It’s a shame that this exhibit fails in reaching any of these goals. A good group exhibit should not only show a cohesive body of work, but be able to clearly show the unique style of each participant, allowing each photographer to tell their story and have an impact with the viewer. It was hard to tell which photos belonged to which photographer as there were no clear groupings of photographs, all were framed identically, and some groups were in odd shapes that wrapped around other photographers work. Images sizes were all over the map and there were so many that they were stacked a little too high up, making it hard to get a good look at them or read their descriptions and photographer name.
Without any breathing room between photos – they were very close together – the two exhibit walls seemed a clash of style and content and in the end only one photograph stood out for me. One of the participating photographers took an excellent b&w photo of a tattooed woman reclining on a chaise lounge. That really stood out for me, but I’m biased towards the tattooed ladies.
Avenue Patrice Lumumba
@ Design Exchange, 234 Bay St., until June 14 (Feature)
Shame on you, Design Exchange, for charging a fee to see your CONTACT show. You’re the only one I know of who’s doing that.
Heading out into the artsy streets of the big city to check out CONTACT had me using the tools that the festival provided this year – the guide and the mobile app – and although they’ve come a long way with these, I do have some suggestions for them on how to make these a bit more user-friendly for 2012:
- The guide is supposed to be functional, something you can cart around with you and easily, quickly, find the listing you need and cross-reference it with the map. It’s not quite there as it is still more on the artistic side and not quite functional.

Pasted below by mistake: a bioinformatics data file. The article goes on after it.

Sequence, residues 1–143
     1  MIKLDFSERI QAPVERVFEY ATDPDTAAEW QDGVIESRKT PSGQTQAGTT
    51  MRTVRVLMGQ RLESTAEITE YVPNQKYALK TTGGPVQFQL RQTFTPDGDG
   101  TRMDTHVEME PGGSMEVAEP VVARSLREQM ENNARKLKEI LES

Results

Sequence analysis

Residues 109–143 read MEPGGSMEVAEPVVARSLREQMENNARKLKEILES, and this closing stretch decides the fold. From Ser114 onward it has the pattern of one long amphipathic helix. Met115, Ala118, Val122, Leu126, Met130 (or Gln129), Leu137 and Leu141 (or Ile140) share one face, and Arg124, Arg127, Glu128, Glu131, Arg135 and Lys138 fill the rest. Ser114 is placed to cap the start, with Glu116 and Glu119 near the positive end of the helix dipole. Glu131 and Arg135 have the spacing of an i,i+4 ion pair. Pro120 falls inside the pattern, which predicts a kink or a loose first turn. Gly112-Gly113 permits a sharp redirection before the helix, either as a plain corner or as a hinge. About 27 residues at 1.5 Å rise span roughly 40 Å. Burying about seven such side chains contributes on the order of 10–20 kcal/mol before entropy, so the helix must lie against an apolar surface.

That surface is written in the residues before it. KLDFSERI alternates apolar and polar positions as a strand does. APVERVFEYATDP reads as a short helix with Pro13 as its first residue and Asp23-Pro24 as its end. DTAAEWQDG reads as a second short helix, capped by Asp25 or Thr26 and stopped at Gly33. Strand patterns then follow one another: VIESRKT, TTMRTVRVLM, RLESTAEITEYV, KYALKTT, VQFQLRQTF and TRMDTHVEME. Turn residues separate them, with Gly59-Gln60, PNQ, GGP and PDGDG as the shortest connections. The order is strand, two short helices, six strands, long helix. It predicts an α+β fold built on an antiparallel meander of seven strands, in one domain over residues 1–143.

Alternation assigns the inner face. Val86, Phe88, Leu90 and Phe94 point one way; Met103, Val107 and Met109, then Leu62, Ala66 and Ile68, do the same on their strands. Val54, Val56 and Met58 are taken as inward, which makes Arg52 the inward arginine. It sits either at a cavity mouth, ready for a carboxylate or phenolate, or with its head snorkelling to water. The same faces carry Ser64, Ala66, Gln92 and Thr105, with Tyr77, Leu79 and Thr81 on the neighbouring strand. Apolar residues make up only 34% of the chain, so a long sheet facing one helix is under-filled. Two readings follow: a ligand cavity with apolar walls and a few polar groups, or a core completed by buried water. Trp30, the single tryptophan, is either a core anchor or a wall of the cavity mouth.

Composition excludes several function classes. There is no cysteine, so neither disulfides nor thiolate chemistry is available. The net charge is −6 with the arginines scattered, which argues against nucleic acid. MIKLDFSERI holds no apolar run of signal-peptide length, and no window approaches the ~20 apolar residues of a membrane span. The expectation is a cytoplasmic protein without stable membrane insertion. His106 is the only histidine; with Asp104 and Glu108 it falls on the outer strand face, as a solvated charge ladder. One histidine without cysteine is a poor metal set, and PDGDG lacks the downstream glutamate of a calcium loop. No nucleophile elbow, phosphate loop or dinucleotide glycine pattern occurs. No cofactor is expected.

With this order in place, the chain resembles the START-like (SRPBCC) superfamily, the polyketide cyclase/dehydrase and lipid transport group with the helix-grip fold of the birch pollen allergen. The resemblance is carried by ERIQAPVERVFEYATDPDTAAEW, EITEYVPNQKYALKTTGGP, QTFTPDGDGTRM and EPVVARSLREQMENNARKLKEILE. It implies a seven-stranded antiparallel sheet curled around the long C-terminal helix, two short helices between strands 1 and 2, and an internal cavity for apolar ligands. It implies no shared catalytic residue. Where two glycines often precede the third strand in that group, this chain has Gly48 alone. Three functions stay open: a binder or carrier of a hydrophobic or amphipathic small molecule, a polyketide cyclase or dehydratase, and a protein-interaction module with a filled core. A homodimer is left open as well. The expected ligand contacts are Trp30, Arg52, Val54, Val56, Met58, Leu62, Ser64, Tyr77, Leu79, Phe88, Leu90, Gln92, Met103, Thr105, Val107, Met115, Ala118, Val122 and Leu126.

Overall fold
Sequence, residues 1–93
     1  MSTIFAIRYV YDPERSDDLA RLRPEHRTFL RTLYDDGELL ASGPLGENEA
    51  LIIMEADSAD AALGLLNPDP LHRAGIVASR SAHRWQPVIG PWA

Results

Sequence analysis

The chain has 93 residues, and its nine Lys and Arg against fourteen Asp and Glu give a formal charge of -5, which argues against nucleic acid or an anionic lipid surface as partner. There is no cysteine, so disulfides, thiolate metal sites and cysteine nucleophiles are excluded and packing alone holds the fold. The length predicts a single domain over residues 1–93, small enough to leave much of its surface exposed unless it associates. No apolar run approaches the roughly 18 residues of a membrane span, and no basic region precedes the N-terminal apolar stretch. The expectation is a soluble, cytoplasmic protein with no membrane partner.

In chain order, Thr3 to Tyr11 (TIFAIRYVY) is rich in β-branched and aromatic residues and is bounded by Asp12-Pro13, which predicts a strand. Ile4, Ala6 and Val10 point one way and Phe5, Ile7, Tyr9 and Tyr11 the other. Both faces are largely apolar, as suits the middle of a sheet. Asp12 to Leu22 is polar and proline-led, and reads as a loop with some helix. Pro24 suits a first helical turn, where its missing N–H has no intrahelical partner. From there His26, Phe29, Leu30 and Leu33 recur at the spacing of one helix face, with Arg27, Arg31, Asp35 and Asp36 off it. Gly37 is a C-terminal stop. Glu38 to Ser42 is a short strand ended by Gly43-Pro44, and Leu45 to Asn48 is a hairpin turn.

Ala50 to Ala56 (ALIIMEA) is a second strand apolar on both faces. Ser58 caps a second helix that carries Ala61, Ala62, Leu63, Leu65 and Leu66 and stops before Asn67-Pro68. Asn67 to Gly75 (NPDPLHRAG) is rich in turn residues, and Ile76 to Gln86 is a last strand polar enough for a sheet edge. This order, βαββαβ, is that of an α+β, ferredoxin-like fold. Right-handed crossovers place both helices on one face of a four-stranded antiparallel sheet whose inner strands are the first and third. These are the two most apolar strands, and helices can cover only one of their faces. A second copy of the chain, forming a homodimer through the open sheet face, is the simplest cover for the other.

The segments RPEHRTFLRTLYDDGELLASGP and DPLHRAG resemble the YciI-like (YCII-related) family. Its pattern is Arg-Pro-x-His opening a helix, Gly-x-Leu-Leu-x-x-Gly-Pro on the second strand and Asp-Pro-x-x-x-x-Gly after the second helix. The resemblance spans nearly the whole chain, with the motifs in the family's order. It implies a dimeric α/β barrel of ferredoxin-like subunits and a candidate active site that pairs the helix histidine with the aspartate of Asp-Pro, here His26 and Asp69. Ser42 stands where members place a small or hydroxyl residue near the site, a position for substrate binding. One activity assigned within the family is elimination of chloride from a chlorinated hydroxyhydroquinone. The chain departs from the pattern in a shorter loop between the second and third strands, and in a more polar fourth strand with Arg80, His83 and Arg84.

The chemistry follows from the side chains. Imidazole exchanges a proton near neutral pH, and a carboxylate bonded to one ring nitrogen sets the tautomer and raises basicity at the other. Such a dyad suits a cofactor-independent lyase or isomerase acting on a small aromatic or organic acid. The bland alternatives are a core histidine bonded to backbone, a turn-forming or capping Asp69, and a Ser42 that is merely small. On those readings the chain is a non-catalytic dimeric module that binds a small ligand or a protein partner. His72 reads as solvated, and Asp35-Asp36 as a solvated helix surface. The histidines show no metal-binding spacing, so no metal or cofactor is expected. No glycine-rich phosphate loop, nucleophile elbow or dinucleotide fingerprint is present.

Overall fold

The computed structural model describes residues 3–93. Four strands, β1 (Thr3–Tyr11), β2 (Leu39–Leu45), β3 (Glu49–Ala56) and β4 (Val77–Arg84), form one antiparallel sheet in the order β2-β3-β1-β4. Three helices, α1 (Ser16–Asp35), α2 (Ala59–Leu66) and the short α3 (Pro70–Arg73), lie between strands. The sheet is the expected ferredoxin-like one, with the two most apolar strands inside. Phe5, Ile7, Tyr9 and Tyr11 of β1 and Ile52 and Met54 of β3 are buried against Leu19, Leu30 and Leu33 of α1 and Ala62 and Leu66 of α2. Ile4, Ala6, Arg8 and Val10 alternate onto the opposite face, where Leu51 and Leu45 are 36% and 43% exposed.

- Primary/Feature Exhibitions – why is there no cross-reference with the map? I can’t find these unless I have detailed instructions. Where are the numbers that are on the map – why aren’t they on the main page of each feature/primary description?
- Page numbers – why do I need a magnifying glass to read these? Please go higher than 7pt on these for those of us using glasses.
- Map – where to start? I should be able to rip out the map and carry it around in my pocket and still know what exhibits I want to see – I can’t do that as all the addresses are in the bulky guide that doesn’t fit into a purse and is too huge to carry – you can list all addresses that go with the numbers on the back of the map. Why don’t the feature/primary map numbers not list the exhibit name – I don’t care about the location, who’s there?
- Addresses – on all the locations for exhibits, especially the primary/feature ones, I have to read through all sorts of info about the sponsor, funding info, dates, etc before I can ever know where the exhibit is. I just want to know where it is and how to get there. The address should be associated with the location, not be floating on its own.
- If you don’t have an iPhone – I have an iTouch – the app doesn’t work. Would it have been so hard to have the “list” feature be a static section that doesn’t require GPS to actually work? This way, if you don’t have GPS or internet, you could still use the app without the map instead of the whole app not working?
- The list is a nightmare to use – when you scroll and scroll and scroll and find an item you want to check out then click back to the list, it puts you right back at the beginning, not where you were last. So you have to scroll, and scroll, and scroll again and figure out where you were. Counterintuitive.
- Why can’t I put together a list of favourite exhibits that I wish to visit if I don’t want to constantly go through the map or list?
- iPhone and Blackberry – where the Android version?
These get better every year and hopefully, if they keep the users in mind, they’ll improve again for 2012. More reviews to come.